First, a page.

*' *’ „ DEVOTED TO LITEHATUKE. NEWS. AORK-Ul|niHK AND OENKKAI, I NTKI .I.UiENCE. ypL. xvii. t/UNT MAWS BEACON *VHvntaaisn> rav thwipat it IJ.BM. * JAMS . DOWEB. Tii m liii—riiiTiow |1 fiftpnr u* in, to be paid viibis six months. No will bs received for a shorter period tbs* six months, and no paper ho ratti U srresragef are paid. mtmft t the option of the publishers. Tasks or Aovssnsme. —II per square flw the irat insertion, end 25 cts. for ymf aubasqnrat insertion. Twelve tints r less eonstltuu s sqnsre If the number fl inntrtimi he not marked on the sdver lissmoat, at will he published until forbid, . |*d ehsffud acaardiagly. A liberal de flir*r- mode to those who advertise by the tear •. * MtLECTED MISCELLANY. tn HOUSE OH THE POTOMAC IH 1676. Standing on a bluff above the river Pottmae woe a efusll log house, two stories in height, with s kitchen and dining-room on tke first floor, end two bed-rootes on the second. Old Spell men, tke owner, wse known in the vi einltr as the greatest Indian hunter of his osy. The red skins feared his rifle, and when it name to a rough and tum ble fight, they feared his powerful snu Vipre than his rifls. Of course be was marked among the savages, known to raeh warrior, and held in awo by all The Indian who would bring in old Spellman's scalp would be reverenced, worshipped, and be regarded as a motto snd example for all young warriors to Imitate. The family of Spellman coo pisted of the father and mother, daught er and son. The parents were well ad vanced in years, nut stout, hale and hearty. The sun was a young man ot promise— large muscular frame, and, tike his father, possessing a Ih rouleau power. The daughter wss a girl of eigh teen. fair and beautiful. Being inured to the forest, she wus brave and dar ing, cool, calculating, calm, slid self possessed. in times of the greatest dan ger sad most imminent peril. The house stood within a few yards ef a precipice, about twenty feet high, which extended some distance up and dpwn the river, affording it on that side a protection fr<n> an enemy. A high palisade, commencing at the bluff on one side, extended around the house to the bluff on the opposite side, thus enclosing It on three sides by the palisade, and one ride protected by the bluff. It was con fidri'td bv the neighbors ss a strong post, and (he old mao himself thought it almost Impregnable. About this time the Seneca Indians made War upon the Susquehanna* aud drove fbem from the head of the Chesapeake.— They wandered along the banks of the Po lemic, snd six of the chiefs applied to thr whites, desiring to negotiate terms of peace; they were, however, put to death, on which occasion, Sir William Berkely said, “They came in pesee, and 1 would hsvo sent them in pence, though they had killed my father aud mother. This tu ffaraed the winds of the savages, snd they made war on the whites, slaying india- HliMsetely all who foil into their hands. It wss a cold evening in November, that Mr. Spellman wee seated by the ta ble with a book in his hand. The old lady was doting before the fire, with her knitting port the time emu on sod port the time lying idle In her lap. The eon waa mending and generally preparing hi* traps for the winter service. The daugh ter was seated at her spinning wheel, oc essmaaDy casting sly glances at a fine AnMnwrywwag nsaa near her, who smiled graciously in ratur*. The gentleman al luded la a bean of Mass Spellman's and M that evening walked through a lonely nrp five miles to are his sweet heart. Has name was Robert Risler, apd m Wane pent hearted man, wilting and able to defend his My Me from harm. Thewrasd man whistling doleful I y about the hawse, making everything without psp fitM and dreary, sod all within look mere cheerful. The old gentleman laid down his bank, took vff bis specs, and lamed has ear towards the bask end af the kemls. The sen nutieed the father's ae lisos. And damn his traps, and followed Iha man's example. "Misti" said he to his sister, potting pp his finger is taken of silence. "|Nd yoa hear anything. papT’ asked Ok old My. starting a r in hVr sent. “There Is something wrong, replied the Old man; "the horses seam aaeaay. and 'IS dogp whine, tam afraid (he Indians ay that," plead the old ha frightened 1 tlicrs W a pretty woof party of ok, JlUler, yon sod Ntn- Tr. OoKecl alt the arms together, mod pot Sp tn order; there are strong indications Oaard veil Che doors, and Veep s .-harp lookout.* Jh chi mas arose from his chair, and MMwiy stole ap stairs. Thera were Several port hderU. ibe pert af the LEONARD TOWN. WD.. THURSDAY MORNING, APRIL IS. IS6I. -————-—————————— - - -■- - ■BBB99B9Sn9BS!WS9RBBBKnw j , I. house, through which the old gentleman ' i took- an obsarvation of the premises within tke enclosure. From what be could observe, ho was satisfied that Indiana were larking about, sad. as war existed between the I whites and savages, of coarse their inten -1 turns were not sf a friendly character. ‘! When he returned Is the room below >}4airs. ha assisted an asms ■ aud distributing the ammunition. There { were firearms enough for all. except the 1 ' old lady, and, for better security, she was placed in cue end of the room. A screen > m made to shat off the light from the ’i fire, by suspending before it two or three '. b.-d quilts. > | All the necessary preparations having *! been completed, the family waited, in per* r j feet silence, the result of their suspicions. llt waa perhaps midnight, when there wss fj a slight rustling outside of the d*w, and. • by closely observing and listening, a voice could be heard. The old man ordered I three of the party op stairs to fire upon ' the savages who might be in (he yard, while he would defend the door. The command was pul in the bauds of Risler. who. on looking out. saw, by the faint | i light the moon cast through the clouds, a body of Indians, just inside the palisade. • They were standing, perfectly quiet, watch ing the movements of their companions ‘ near the door. “Take the three Indians to the right,” said Risler. “T will take the first on\ ’ 1 Harry the second, and Nancy the third.” I j Noiselessly they placed their weapons I I in the port holes, and at the same inst*nt ' the arms belched forth fire, and throe In dians fell dead on the spot. The Indians seemed stricken with a panic, and precip itately fled, but a moment after returned and attacked the house furiously. Their principal point of attack was at the door.: which tke old man wax defending. While they were battering at if. ♦!♦• old lady put 1 a kettle of water over the fire, and in u . few minutes had it boding. She then as eeuded the stairs, and foftly raising a small window din*ctly over the savages, she .threw the contents over them. With ; loud howls they fled, and ss they retreat ed the party up stairs gave thorn a volley, aud two or three were either or wounded. F*r but half an hour tbn* was a per- j feet silence; no trace of an Indian could | be e '.*n. I *1 reckon they're gone.” s*n:d the old 1 lady in s whimper to her husband. “Not they—we’ll from them di -1 rectly ;** and he had scarcely made the re ply, when a rifle shot from one of the par .y up stairs announced the reuppearanee • of the savages. “Go into the kitchen Hannah.*' said the old man: “I believe they are at the 1 back door.” The old lady hastened to obey orders, aud watched the door closely ae the In ! dians battered away at. it. There was a party of savages at the front door, which the old man was guarding with tin- utmost care. Those np stairs were ordered down, ’ and the whole force were then mustered ' below stairs. The son and the mother were guarding the back door, at which the ' savages were eagerly at work. At length | it yielded to their efforts, and fell in.— ' The sou shot the first Indian, while the mother, with an axe, attacked the second one. and drove him back. The howling ef tke savages brought those from tin front doer to the rescue, snd the whole force was now assembled at that point.— The old lady received a serious wound, and was borne awsy by her son. The old man, Risler and Nancy, now joined in the fight, by giving the savages i vol ley which was returned, wounding Risler ’ and the elder Spellman; but they contin ued the fight, and as the savages fled, pur sued them to the yard. Spellman rcoeiv ' ed a second wound, which disabled him, aud be crawled into the house. t The remaining three fought with des t peration. and drove the savages step by step beyond the palisades. Nancy and her I brother stopped to repair the breach, while I RuW made a circuit of the place, to see If it was thoroughly cleared of the enemy. , As he came near the precipice an Indian I sprung from the darkness upon him. and | then commenced a struggle for life. The Indian had no weapon, but endeavored to drag Risler over the precipice. The lat | ter was compelled to drop bis rifle, and was therefore on equal footing with his I savage foe. For a few moments thjy would dangle • over (he edge of the precipice, when Ris ler. getting a little of the advantage, would i force hie antagonist Wck. llis only hope was t choke the savage; and to this pur . posit he pot out his whole strength. But | the savage was tho strongest man, aud i Risler was somewhat weakened by the loss of blood. I The struggle Bad continued for several minutes, when Risler felt a peculiar tigbt f ness about the throat. The Indiau had - pirated his fingers tightly in the ncek **f I: Risler, snd was cbowking bint to death. He i' was dragging his helpless victim toward I the precipice, when the but sf a gun came whtising down npoo Ur head, rad, with I a convulsive shudder. he tumbled ever to i receive a death blow from the bauds of Nancy. She had fought brsvrij, owngi HBBMBWBHBgaMiHBgH i' omdy; and, last of all, saved her, i lover, who in after years married her. The wounded all recovered, and for ; three days withstood a aeige l the end ; of which time they were rrwcued and taken to a place of safety. J !• fWffin|r hi ? If it Im. t ; we ought to be able to say whnt kind of reality. Of course, everybody knows i that people do fall in love, or say. or | ; think, th’V do. Therefore, it might t>e i Raid, the thing is so for real. Hut that i answer is unsatisfactory. Not to treat ,'• the matter ethically or metaplividcnliy, in '! a strict or technical sense, let us examine I what we really mean when we speak of it. ! and bow far it is true, or ev.*n possible 1 There is no question as to love itself being !an affection uf the mind snd an instinct * , m| . • • • or man. The question rather is. is it a ! mere instinct and more or less involnnta |ry ? Can wc—must we fall in love? Or ■is lore under our control ? Can w- love, ! or refrain from love at our will ? More 1 yenng ladies, and not a fow weak young ’! gentlemen, and some old fools, have made fatal mistakes in life, from a superstitious 1 beiicf in love kt fin*t sight, and from p“*ing that falling in l<>vo had controlled thrm like fate. We are really most anxious to add (• the happy poetry of ! life; we wish that you may *.ove ! tmee, love uror." Therefore we gay don’t fall in love. Be very cautious, nnd ! kc* p your heart, till a very worthy fel low—we don’t say necessarily handsome (fur handsome women especially know { what is the real value *f beauty ) —but a •imr, a noble felltw. a gentleman, a ! Christian, offers U you his heart, bis band, i his home; and then set your hc rt upon | him. aud love him with all your soul { You don’t object to that arrang'-ment. w* | know Well, then, it is not likely to be ! carried out. or ever to succeed in your •f I case, if you are only eager to watch gome 'one-if you are r.ady to flirt v. i:h every ; coxcomb. V*u mas! really, aud stfini fsgtly, be rsry passive, and keep yvur heart j all disengaged for that gwectrxi<rcted whie ’ per and embarrassi d deciaratioo of love. A * matron” might have given cih.r I advice, or given it in another way; snd j wc arc goiug to irii you what ♦h-- proos j hly do-'S not know, h’trange a it (appear to you, we assure you that, oven iin this case, y**u will truly hu the tiret jtnlov-! Were the Mceref of man's heart i known, it would be found that he ready cannot love, in the fall sense of that sacred word, till he is lved. Woman mv* I ought to love till she at least thinks she i> loved. Man loves iu order to be loved; woman, to bestow her love. When a man admires the beauty and grace of a woman i (we speak not of the mere sensualist), his j desire m not no much to iudulge hie love jof these, as that he may be loved by the i possessor. True woman chiefly feels a | longing to bestow her heart and lavish all I her sweet, attractive grace upon the man • who adores or worships her. I t is this distinction in the character of the passion ;of love in man and woman that renders reciprocal affection, and those mutual at iractiont of which we have becui sptak i ing, so complete, and perfect, and con- I gruous. It is this difference between man • and womau that naturally asigns to each I their proper part in the everlastir.g bond i they *contract. “Her desire *hal! be to ; her huslmnd,” rather than his to her, ; and he shall rule over her—a loving rule, ; however, while both are true to their ob ligations of love. “It is not god for a ; man to be alonehe requires the solace ' she gives as “bis helpmate;” while .‘•he has bar joy in thus watching ;nl bcl^&ag ■ and being devoted to “her lord.” DEATH nr A SHOW STORM. Soon after our arrival at the Rod Lake j Mission, we learned that the Roman Cath ! olic missionary bad been frozen to death | two days prevaousdy, in an attempt tu j cross the ice during a snow storm, from a I promontory about two miles away from ; the mission. He had been visiting u camp :of Ojibways, who warned him of the pe i ril of a return across the ice daring the •storm, and invited him to pass the night jin thir wigwams; but the missionary I thought that be would not incur any dra ; gcr of freeaing during so short a traverse, l j although the thermometer indicated a fen.. ' perature of 25 c below aero at the opfM>site '■station. He wss frozen within two hun dred yards of the Mission House, near to i which were a number of log houses, leu •, anted at thr time by half-breeds and lu - j dians. Wlien ihe body was found on the i? folljwing lasrning. a number cf Indian? j set themselves to trace his steps from the *. Ojib way car ip across the ice, a difficalt ■ wuiiertaking, in consequence of the high I' wind which was blowing at the time Iwv .' ing. to an inexperienced eye, obliterated I; all traces of bis With asOmishiug f j aocorocy them wild men read the brief ; history ot" hi., journey, aud related the iu i oideuta to a**- as we stood on the backs of > the Red Lake, with tke Cutaway village i and the courts of the aufontiaate mu*ioi -t ary in view. “There/' said my dusky f informal.t, pcectiug to the ice not more . that. *u!f v u4l: .Vvu. cite ocimx, *'Urd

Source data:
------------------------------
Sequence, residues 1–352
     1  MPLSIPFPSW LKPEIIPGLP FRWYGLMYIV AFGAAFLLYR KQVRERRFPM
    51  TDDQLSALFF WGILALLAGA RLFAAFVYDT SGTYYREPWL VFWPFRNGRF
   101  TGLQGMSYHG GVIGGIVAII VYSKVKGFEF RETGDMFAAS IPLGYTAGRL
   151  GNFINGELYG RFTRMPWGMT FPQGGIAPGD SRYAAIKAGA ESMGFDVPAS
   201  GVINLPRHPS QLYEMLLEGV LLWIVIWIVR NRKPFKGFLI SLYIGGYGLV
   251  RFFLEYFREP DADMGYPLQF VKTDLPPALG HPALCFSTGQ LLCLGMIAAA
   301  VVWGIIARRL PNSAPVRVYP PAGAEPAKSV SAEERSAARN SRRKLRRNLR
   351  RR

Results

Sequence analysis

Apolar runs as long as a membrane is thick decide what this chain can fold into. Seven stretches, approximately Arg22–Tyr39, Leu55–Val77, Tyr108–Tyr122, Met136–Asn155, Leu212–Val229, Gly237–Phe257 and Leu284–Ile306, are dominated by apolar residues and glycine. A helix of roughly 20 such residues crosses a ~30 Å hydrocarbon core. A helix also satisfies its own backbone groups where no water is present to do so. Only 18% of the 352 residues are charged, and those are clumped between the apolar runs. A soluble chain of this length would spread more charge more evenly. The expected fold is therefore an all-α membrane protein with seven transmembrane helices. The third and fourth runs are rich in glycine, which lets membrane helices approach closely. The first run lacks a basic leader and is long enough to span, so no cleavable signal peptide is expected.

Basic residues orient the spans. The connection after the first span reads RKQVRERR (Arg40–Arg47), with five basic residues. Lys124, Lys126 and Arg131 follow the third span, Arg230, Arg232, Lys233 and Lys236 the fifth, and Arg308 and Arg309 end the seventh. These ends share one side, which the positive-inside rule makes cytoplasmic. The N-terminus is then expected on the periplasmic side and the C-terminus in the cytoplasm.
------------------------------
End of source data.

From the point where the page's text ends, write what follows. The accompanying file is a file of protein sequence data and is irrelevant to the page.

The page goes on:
i Ji - ,j he firstHimed bin back to the wind. am! there Mpuclt to pray,” the Indian suit r lag thmCti<>n to the word, and kuetliug 1 in the flptade which the track showed the i ! miwioaatt bad assumed. Now be fared the wlppmc! ran against the blinding mow gnphilcss atom; here ho turned “** WSr***: t * frc trar *’ ••* • kot Wlii dtppp<l and fell, and once • again where be knelt t" pra v The mark* •J of his fingers were seen on the ice. < Inct • more he fell, roe.- again. knelt for v whil**, r ‘ and made n effort to push ag-uusi tL_ r ! storm. They came at length to where ho j had fallen for the last time, and aiib.<- 1 qucotly knelt with hi* hands on the ice, ' hi* heal touching the mow. lie was ! : found with hands elapsed in the attitude of prayer, his head bent on his breast 1 The barking dogs at the Mission must ' have been aware that he was approaching. no’withstanding the gloom of evening ar.d 1 drifting snow, for th y bnyed fiercely in the direction ho was coming about the time he was supposed to have fallen. The ■ half-breeds heard the dogs and looked out in expectation of string the missionary approach, but as the dogs soon ceased to bark they thought it was a false alarm, and I did not go to meet and assist him. It was | painfully interesting to watch the Indians 1 relate the narrative of this short hut tor r rible journey from the information | j they had gathered on the almost j trackless ice and snow. Th** imitation of i the actions and motions of the poor mis • sionary, his attitude of prayer, his droop ing bead touching the cold icc, his back ward wanderings, were all so faithfully ; represented, so true to -nature, that the reality appeared to he occunug before me, i lather than the solemn mimicry of a sav uge.—Hindtn Canadian Etd River Kx i plant*j Expedition. Morbid MervouaneU The morbid nervousness of the present day appears in several ways. It brings ’ a man, sometimes, to that startled state that the suddm opening of a door, the • clash of tlic falling fireirous, or any little (aeetdSM pots him In a flutter, Ilow oer | vou f the )ato Sir Kohert Peel must have ■| been when, a few week-* before I is leath, I he went to !im Z-.oloeeca! (lardoii?, and : when a monkey suddenly sprang upon i his arm, the gret and worthy man faint i i oil I Another phase of nervousness is :! when h man is brought to that stale that the least noise or cross-occurrence teems to j r j through the entire nervous system —to up i ■ set him. as we say; when ho cannot com mand his mental powers except in perfect • j stillness, or in the chamber and at the ; writing-table to which he is accustomed; i when, in short, be gets fidgetty, easily worried, full of whims and fancies, which > must Ire indulged and considered, or he is > unite out of sorts. Another phase of i ' the same iorbid*tondition is, when a bu j man being is always oppressed with vague i undefined fears that things are going i j wrong that hid income will not meet the i i demands upon it, that his child’s lungs arc I I affected, that his mental (.towers arc leav ing him—a state of h oling which shades rapidly off into positive insanity. In j deed, matters remain long in any i of the fashions which have been described, I suppose the natural termination must i; be disease of ibr heart, or a shock of p*ra i! lysis, or insanity in the form cither of • j mania or idiocy. Numbers of common \ place people who could feel very a nt* ly, but who couii not tell what they feb, have been worried into fatal heart-dist a-e by i prolonged anxiety and misery. Every ! ; oue knows bow paralysis laid its band : | upon Sir Walter ScuU, always great, ; | lastly heroic. Protracted anxiety bow | to make the ends meet, with a large fami !fy and an uncertain income, drove Southey’s first wife into the lunatic asv | lum; and there is hardly a more touch ! ( ing story than that of her fears and fore bodings through nervous year after year, i J Not irs* sad was the end of her over • j wrought husband, in blank vacuity; not 11 1’.hc like end of Thomas Moore. And ner i: haps the saddest instance of the result of i|o overdriven nervous system, in recent : days, was the end of that rugged, honest wonderful, genius, Hugh Miller. — frater. : A STORK STORY. Mr. Horace Mayhew. in bis new work ■on Jutland, tells the following story: — “An English manufacturer, scaled some where in Zealand, amused himuclf by > changing the eggs laid by a stork, who annually built her neat on his house, for ■ i those of an owl. In due course of lime ■ | tbs eggs were hatched, and be was startled E j one morning by a tremendous rew g‘itig ■ : on in thv uest of (be parent storks. The' . j mails, in a violent stale of excitement, flew i j round and round bis neat; tbc female shattered away, protecting her nestling* 11 Hinder br wings; it was quite rndr-nt that ; : tistt stork wan uot aatiafied with the pro f i dmes of his helpmate: there was corns -; thiiLg loud* about the whole affair: he fi wo,aid not recognise thu offspring. Alter j s violent dispute the male In* sway, and - j shortly returned, accompanied by two r other storks, birds of enuspooeuee and s oipjruiy. limy sat lh*:r*mvr* Uuwo *u wrt roof, tod IrrttMff le tha prst nod cne* e t . of the matter. Mrs. titnrk was comprlled to rinc and exhibit her children. *Oan they be niineT exclaimed the stork, •llnppeu what may, I will never recognise them.' On hcr.aidc Mrs. Stork protected snd fluttered, and vowed it wras all witch h.J ttufk pnwwwJ -faith;-, ,ftfl a wvfo'h-ftiflff. Alas. ikr how ?trT- L : do'u the gentler sex meets with justice in 1 ttiis world when judged by man, or. in ibis case, by stork-kind I The iudges looked wondrous wise, conankefl, and then j of a sudden, without pronouncing sen-' tenee. regardless of shrieks for mercy, fell on the injured Mrs. Stork, and jacked her to death with their long sharp beaks. As f r :he young owls, they would not delih their bills by touching them, so they : kicked them out of the and they 1 were killed iu the tumble The father, stork, broken-hearted, quitted his abode, aud never again returned to his former! build iug-piace. — Who Supports the North 1 Helper, iu bin infamous book, ban stated I bGiuc liuths which d;ouM, at this oarticu-, lar time, be taken into -:ccount and serve j to finally nerve tho people of the South to : the purpose of securing ut lca:?t poisoaal, ; it not political, independence. lie says, (writing as a Southerner): “it i> a (del well known to every tuttd-! Hgent Southener. that we arc compelled to • •go t> the North for almost every ar.icle of utility aud adornment; that almost every-, | thing produced at the North meets with j read} yalo. while at the same time there is no demand, even among our own c;ti-! zeus. for the produce of Southern indus-1 try.” “The North is the Mecca of cui | merchants, and to it they must and d j make two piligrimagc per annum—one in i j the spring, and one in the fall. We want j i Bibles, brooms, buckets, and boots, and . iwe go to the North; we want pens, ink, j paper, wafers, aud envelop.-*, aud we go; to the North; we want shoes, hats, han-i- j • kerchiefs, umbrellas, and pocket knives, [and we go to the North; we want toys, j primers, school Looks, fashionable appar el, machinery, medicines, tomb stones, i and a thousand other things, and wo go ; jto the No:‘h for them all” “In infsu-1 jcy vt* ar<* swaddle.] iu Northern mutliu; i . in childhood wc arc hu.uoreil with North- j : ern gewgaws; in yontli wc are instructed; iin Northern books: at the :urc f maturi-; lv wc oer wild oats’ on Northern! soil; iu middle life we exhaust out j wealth, energies, and talents iu the dis- ! i honorable vocation of entailing our de-) ! pendeuce upon our children and our chib ! jdreu’s children, and, to ih-j neglect ef, our own interest aud the interest, of them : -around u*, giving aid and succor to eve ry ’ department of Northern, power; in ! the decline of life we remedy our eye (sight with Northern spectacles, and sup-1 port our infirmities v\ith Northern canes; i , in old age wc ate dtuggcd with Northern I {physic; snd finally, wh<n we die. oui i {inanimate bodies, shrouded in N"rthciijj | cambric, arc stretched upon the bier, j borne to the grave in a Northern carriage, j entomb*d with a Northern spade, and j until *rizcd with a North, ru slab.” | Tub Baittmohz AproiNrrvTP.— The i I \Vnbh ing ton corrcspoodriit of tise N. York I ; Express says :—There is h warm contest t i htfc iu reopect to the Baltimore I | appoiutmt ntu. The parties seem to be! ranged in tlm of Clipfcr and Pa- ( jtriut. The Clipper opt o.- d Lincoln*!-1 |cl**rtion, and ran for Bell, but} j would take patronage now, and not opp-iS* ; Licsrdn s administration. Whitely. ilt, editor, is t candidate for Nnval Officer. | Th I’atiid promoted Lincoln’s election, ; •Icprera.ed Bali’s L ing run, ard row claims patronage, to indemnify its loesoc liu recogoitiun of its friendship and be- i i cause, in any evtnt. it dot s and will sup- ! (port the administration. Evans, there-) | fore, (fx-editor.) asks that be, not White-j j ly, be made Naval Officer. And so the i matter goes all the way through. It is . the same in import U> the !*•*!Office. Col i Icctoi'ehip Navy Agency Ac., Ac. ’ I An Impecding literary Warfare- Headers of Marauby'a “History of : England” remember the vigorous warfare : I that followed the publication of tbe early ; | volumes of that work. The Quakers, tke , j Irish, the Roman Catholics, the Chuich- * 1 n.m all had their little quarrels to pick I with the historian. According to the | | Loudon Athemwum another literary war-; tare is impeding. In its notice af the! I fifth volume of the History the AUu*a- ! Sum sa j e: I “Wo cannot hope to extinguish tht.fa{ it controversies, seeing bow ranch in the present volume is adapted to excite and | inflame them. Those Quakers who have t • heretofore been scandalised by fhu pic :! tureemue caricatures of Fcnn and Fox, will, m the leaser degree, reject the story, • as here told, of (he fair Quaker who is i supposed la have been la love with * Spencer Gosper. The coocch will be I moved aud some of them maddea*d. by ‘ the elaborate representation of tbe Ihuien I I dirastcr. Admirers of John. Poke of i Msrlboroafk. be *dfoadad by tbe i ccuWhUflU malts aakuetH <4 too* area: i 4 XO- 1G , officer. But we shall not ourselves t -1 day lake part in the*© inevitable debate*. We U-ave Mr. Bowden to defend die j s’tout family, and Mr. Chamber*, or any other good Scot to explain the impugned Minify and .bgneMy . rtf his countrymen ; who went out with WJHiatn Paterson to . trtiod a new Tyre, or Venire, in the ; Isthmus of Darien. Marlborough is sufficiently taken rare of. Of Montro<c, of Dartmouth, of William P**nn enough has been aid; but until many of the his lorical discussions which are still open shall have been closed, no final opinion j on th** value of Lord Macaulay’s ‘History of England’ can be pronounced.** Immigration Statistics. —The annual report of tbe number of passenger* artiv | ing in our prta from foreign countries has recently been submitted to Cungrtn*. The j total number of arrivals during iB6O va* i 179 469. Of these, 29,194 males, and ! 5.857 females, were persons born in th ! United .State?, who h?.i temporarily so* : /turned abroad on errands of basin***, or travel and pleasure—leafing tho actual number of aliens who arrived here 153,- ! 040. The largest immigration was from Ger • many — vis: 50.640; Ireland mint us 48.- ■ 037 ; England, 13.001; Groat Britain and | Ireland. 14.013; Prussia 3.045; and | China, 5,407. The Chines© were landed. ! we presume, chiefly at Sun Francisco. The total number of passengers arriving iu tho United States by sea from foreign countries, from September 30. 1843. to ! December 31. 1860, was 4,385.441— -of whom, probably, more than four millions were aliens, who intended to make this country I heir future home. Since De j ccrabcr 1854 the annual immigration has } n no year been equal to aiy of the- five years preceding tin p r-d, The .Vmer- I can ixcifimcut. a decline in the demand : for foreign labor, and pet haps other causes arising out of an improved ifenl© of • Obits in Europe, have operated na a dm < iJed check upon the influx ©f foreigner* iutc our country. * * tJT The Memphis Appeal bar settled [ ‘he 'shrtlr matter thus: “Under lit© op.t --1 tin of the two tariffs, presenting as v !* j a maigin in favor of the South, trie t ; Yank. esofthe North are preparing to intro j luce their imports through eon them port*. I and thus stop the revenue with which Mr. ; Lincoln’* “meal tuts” arc to be blind. Thug • they are driven cither to recognize the iud*- | prudence of the Southern Confederacy. and establish commercial treaties with | them, or else they must blockade the i southern coast. But a blockade is /rw art luf tear, and generally is preceded by * forn al declaration of ho-iilitic*. and a ; due not ideation to foreign power.' - i Hut if ihit course be. adopted, the Border States will revolt and It-ak j though the net which the A uuiibi-lit;vo iis w< a ring around them. The j that the while rails <>f Lincoln's fleet Mil 111! appear at the entrance of the Pli irf**,!oi> channel, or t!ie angry prow of hi* ftigat* - shall plow the p acetui v* a ter* of ihi Bitiise, nil. the I last of Davit's bogle 1* L.-i -at Montgomery, and in thirty day* tlicic afur Washington wilt Lo jiee —th: (oc | mics of lh* South will no longer held u | carnival on southern toil, and in a oly j which bears the name of the most vintu*- i led of southern men .” t I j Wmsswuxo Joux —ln-what is known ! a* (ho “upper end'* of Pik© county. Pa.. ' there is a man who baa the tfonicnl I soubriquet of “Whispering 4*hn Kiclftda.’ This title he has gained from the foot tba*. i h$ always talks (even in coo versa imp) a: •If he were * mjc-general on* par .de. or j to use * more common expression, “Lin f he was raised in a mill.' 1 “This gentleman, who, by-lbc-bye, is | “one of’em.” mounted hi* horse one void j morning, before daylight, for the purpose •of ridisg down to Milford in time lu take ! the morning stago coach for Philndeipha. He rode up to the hotel just as th© boar ders and traveler* had don* tbrir break fast. He dismounted, and walking into the barroom, spoke to tbo landlord in hi* usu al thundering tone: “Good morning. Mr. L—. bow do you do tbi* morning f “Very well, Mr. Biokri*} bow do you T* “Ob. I am well, but I'm to rM 1 can’t • bardlv talk.** dust then a nervous tntck r who was | present, ran up to the iatoifont' and j catching him by tbe coal, said : ( “Mr. L~ have toy bora* brought u ! soon a* passible.” I **W hat is tbe mutter, my drar sir; ba* anything happened f j “Nothing upon 'sttb, only I want lo get away from hM htfom Ibtl 9*40 c muu-§, I V* is a ©clips* lib* • woman [boating bar boy? Hnswc it if hiding of tbe m. rj T'-VT StJ ■■■ ■ I I He wb# safe no q.oftionai* queer, hei i ba abfifkf mnpy iotlm